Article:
After Communion, someone went to the ambo and gave an announcement about a retreat program for women. Those who had already made this retreat were asked to stand so that everyone would know who they were in case anyone had questions. I thought these people would be applauded, but somehow they were not. They sat and the person giving the announcement explained it a bit more before receiving a round of applause herself. Then the priest offered the closing prayer and departed via the center aisle to the alternative text of the hymn "A Mighty Fortress." I'm not sure why one version would be preferable to the other. Almost everyone remained to the end of the second of two verses (no one left after Communion, either).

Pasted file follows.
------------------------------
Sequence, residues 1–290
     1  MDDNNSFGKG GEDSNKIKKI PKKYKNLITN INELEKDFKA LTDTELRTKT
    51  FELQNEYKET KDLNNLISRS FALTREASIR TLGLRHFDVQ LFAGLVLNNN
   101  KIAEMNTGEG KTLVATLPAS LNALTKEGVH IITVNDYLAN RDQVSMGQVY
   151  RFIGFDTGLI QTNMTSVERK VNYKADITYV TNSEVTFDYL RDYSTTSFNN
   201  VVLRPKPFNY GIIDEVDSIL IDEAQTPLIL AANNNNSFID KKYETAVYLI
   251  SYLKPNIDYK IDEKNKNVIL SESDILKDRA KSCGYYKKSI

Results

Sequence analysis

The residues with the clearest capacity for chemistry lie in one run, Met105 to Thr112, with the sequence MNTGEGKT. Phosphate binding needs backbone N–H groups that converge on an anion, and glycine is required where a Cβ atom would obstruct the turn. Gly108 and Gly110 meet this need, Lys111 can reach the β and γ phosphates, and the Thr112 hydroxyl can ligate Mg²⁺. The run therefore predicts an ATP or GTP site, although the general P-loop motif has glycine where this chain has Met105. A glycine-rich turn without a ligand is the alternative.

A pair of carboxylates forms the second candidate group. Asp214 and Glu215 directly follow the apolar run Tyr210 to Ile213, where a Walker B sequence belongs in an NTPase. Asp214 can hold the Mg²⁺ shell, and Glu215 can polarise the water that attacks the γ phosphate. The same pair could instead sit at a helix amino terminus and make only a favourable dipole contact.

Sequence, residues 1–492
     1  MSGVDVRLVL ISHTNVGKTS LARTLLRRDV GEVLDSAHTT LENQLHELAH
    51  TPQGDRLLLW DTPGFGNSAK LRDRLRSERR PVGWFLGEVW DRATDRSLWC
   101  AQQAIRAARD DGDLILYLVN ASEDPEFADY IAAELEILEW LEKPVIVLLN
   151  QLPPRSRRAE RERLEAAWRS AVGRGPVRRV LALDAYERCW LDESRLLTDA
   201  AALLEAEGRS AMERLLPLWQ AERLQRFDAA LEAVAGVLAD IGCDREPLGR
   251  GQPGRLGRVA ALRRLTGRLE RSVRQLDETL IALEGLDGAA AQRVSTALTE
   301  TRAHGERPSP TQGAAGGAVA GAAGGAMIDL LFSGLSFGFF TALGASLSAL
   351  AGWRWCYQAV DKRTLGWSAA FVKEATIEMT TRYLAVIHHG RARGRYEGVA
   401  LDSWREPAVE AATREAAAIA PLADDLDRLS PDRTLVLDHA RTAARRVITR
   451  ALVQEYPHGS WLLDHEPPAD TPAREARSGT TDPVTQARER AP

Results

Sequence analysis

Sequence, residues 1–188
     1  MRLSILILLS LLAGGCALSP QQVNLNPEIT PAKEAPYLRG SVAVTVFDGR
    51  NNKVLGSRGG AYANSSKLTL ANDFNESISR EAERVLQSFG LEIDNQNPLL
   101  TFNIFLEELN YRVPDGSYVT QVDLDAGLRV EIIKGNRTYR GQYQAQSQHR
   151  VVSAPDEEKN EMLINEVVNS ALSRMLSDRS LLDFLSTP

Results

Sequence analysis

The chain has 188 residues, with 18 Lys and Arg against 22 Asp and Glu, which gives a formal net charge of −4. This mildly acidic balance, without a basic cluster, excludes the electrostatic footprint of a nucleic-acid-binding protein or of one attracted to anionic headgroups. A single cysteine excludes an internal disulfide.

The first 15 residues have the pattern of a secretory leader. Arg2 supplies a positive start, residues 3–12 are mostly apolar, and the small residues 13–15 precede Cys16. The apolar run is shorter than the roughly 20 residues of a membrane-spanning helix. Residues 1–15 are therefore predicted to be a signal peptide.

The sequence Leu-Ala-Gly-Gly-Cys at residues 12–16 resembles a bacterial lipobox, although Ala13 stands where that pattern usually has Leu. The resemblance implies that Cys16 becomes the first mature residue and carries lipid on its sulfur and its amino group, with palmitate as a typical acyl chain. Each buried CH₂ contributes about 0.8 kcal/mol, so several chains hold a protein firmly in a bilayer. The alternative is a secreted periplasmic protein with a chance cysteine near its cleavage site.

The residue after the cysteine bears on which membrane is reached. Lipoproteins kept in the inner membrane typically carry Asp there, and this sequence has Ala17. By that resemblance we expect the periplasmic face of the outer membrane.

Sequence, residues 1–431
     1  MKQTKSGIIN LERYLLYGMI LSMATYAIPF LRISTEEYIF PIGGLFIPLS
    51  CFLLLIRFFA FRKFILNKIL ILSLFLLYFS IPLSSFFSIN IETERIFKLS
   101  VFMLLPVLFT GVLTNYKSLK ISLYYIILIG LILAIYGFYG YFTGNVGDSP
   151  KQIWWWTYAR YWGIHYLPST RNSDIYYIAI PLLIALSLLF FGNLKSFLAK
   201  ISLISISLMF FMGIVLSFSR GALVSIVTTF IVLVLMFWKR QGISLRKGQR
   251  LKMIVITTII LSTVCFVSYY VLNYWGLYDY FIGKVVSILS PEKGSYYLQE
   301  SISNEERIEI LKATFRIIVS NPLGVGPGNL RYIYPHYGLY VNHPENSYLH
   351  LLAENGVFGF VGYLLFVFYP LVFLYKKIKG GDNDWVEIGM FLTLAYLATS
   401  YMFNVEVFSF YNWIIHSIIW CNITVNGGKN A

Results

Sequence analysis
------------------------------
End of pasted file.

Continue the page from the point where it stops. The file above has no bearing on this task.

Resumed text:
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In Moab, Utah, Mass is offered at St. Pius X Church on West 4th North. Across the nation and around the world, you can almost always find a Catholic Mass.